Most people spend ninety percent of their time on a computer in the web browser. Office and productivity suites might tempt you enough for the occasional trip to the desktop, but even there a shift to the browser is evident with tools like Google Docs. With the capabilities of modern browsers growing ever more, there’s a convergence of web and traditional application technologies. But however evident, I never expected games to make the leap as eloquently as they did.
Paperwork doesn’t have to be a chore, if it can be handled swiftly and efficiently. In the case of signing documents, it usually isn’t. It’s a hopelessly convoluted process, all for getting a single squiggly on a single document. It’s time for document signing to enter the digital age and with electronic signatures, it has.
Although I’ve had the pleasure of using an Apple TV these past few months, I was immediately sold on the Roku 3. You can read more about the product (and whet your appetite) in Danny’s Roku 3 review. For me, it was the combination of on-demand media and easy access to my own extensive media library that made Roku’s case, not to mention an attractive price tag. In fact, I mostly use the Roku 3 as a top-up box for my Plex media center.
Regular television sets are a thing of the past. These days, if you set out to get a new TV, it’ll likely be a smart TV. That TV will be ‘smart’ the same way your smartphone is – it’s connected and it’s extendable. Just like your smartphone, a lot of new televisions tune in to a sizable application ecosystem, adding the imaginings of third-party developers to your television’s standard feature set.
If you’re using Mac OS X, you don’t even need specialised third-party security software to keep your precious data out of nefarious hands. Coupled with a strong user account password, the FileVault option in the System Preferences automatically encrypts your entire disk. However, the strength of your security doesn’t matter if everyone looking over your shoulder can see this sensitive data. This is one of the main reasons why I keep my precious files hidden from sight by using tools like MacHider. It’s security through obscurity.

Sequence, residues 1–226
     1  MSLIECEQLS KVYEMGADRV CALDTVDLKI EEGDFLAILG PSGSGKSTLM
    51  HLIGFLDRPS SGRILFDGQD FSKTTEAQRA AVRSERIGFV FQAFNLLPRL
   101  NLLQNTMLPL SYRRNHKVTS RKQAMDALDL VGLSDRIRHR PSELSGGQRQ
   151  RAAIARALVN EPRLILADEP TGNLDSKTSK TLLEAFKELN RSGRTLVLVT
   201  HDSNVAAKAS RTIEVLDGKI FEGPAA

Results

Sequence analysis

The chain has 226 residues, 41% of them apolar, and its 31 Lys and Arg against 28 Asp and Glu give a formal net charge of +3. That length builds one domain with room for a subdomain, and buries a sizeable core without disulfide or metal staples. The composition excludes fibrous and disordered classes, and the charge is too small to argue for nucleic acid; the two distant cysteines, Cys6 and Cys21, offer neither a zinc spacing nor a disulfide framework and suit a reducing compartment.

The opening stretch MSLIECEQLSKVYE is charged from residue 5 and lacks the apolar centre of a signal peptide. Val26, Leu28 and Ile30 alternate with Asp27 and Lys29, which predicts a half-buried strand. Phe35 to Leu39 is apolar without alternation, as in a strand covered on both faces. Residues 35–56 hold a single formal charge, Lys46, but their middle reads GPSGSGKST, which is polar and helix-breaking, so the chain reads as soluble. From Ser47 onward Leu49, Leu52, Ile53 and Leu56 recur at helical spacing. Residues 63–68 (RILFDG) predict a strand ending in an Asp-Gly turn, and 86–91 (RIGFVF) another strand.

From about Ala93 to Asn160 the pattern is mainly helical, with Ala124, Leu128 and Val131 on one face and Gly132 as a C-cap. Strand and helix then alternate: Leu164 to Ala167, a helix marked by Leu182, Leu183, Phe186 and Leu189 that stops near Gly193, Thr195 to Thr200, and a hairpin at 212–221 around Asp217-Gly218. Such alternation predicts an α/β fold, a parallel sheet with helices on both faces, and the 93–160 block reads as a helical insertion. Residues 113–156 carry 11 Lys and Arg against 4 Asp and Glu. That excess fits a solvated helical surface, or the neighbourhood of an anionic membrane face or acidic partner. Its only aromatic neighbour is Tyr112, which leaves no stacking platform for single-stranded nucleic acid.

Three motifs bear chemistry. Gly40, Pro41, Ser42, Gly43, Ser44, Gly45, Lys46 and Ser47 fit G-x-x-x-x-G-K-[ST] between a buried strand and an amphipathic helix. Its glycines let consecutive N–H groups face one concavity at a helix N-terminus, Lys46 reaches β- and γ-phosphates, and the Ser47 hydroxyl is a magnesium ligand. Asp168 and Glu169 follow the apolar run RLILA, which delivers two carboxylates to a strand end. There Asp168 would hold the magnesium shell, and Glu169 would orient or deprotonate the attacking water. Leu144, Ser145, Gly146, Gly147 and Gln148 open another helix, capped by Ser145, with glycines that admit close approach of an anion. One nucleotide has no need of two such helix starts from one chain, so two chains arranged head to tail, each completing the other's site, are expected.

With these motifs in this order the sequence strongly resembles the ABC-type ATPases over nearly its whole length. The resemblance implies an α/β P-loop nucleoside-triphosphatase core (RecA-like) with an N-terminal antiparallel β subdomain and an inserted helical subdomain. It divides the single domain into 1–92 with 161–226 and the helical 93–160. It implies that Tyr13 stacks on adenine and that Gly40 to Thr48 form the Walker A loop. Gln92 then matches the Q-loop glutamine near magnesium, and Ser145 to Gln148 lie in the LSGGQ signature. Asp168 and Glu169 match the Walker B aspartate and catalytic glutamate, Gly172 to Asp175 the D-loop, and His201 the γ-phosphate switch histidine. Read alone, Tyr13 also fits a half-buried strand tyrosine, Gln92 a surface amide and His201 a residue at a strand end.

Despite the effort I put into keeping my Mac tidy, the thing that most helps me to quickly glean information from my computer is its clutter. Open up the lid and everything you could possibly need is there: my inbox, still open. Facebook in the menu bar and the Calendar app in the background. For the iPad at least, this is on possible using a form of structured clutter using dashboard-like apps. There aren’t too many of these for iOS, but we’ve managed to find a few gems nonetheless.
Taking your pen to hand – or more often keyboard, in these times – is not always a simple undertaking. That’s not to say writing is bothersome. No, rather the opposite. Writing is wonderful, awesome, enchanting, and a hundred other things. The problem then is that there are too many distractions. Loud noises, flashing lights….not just outside of your window, but on your computer as well.
Compared to other standard calculators, Mac OS X users definitely can’t complain. The Calculator app that ships with Macs by default is diverse and incredibly powerful. However, you simply can’t build an app as general as a calculator to satisfy all possible user scenarios. For different users, different apps will always come out on top. Luckily, there’s no shortage of calculator alternatives in the Mac App Store.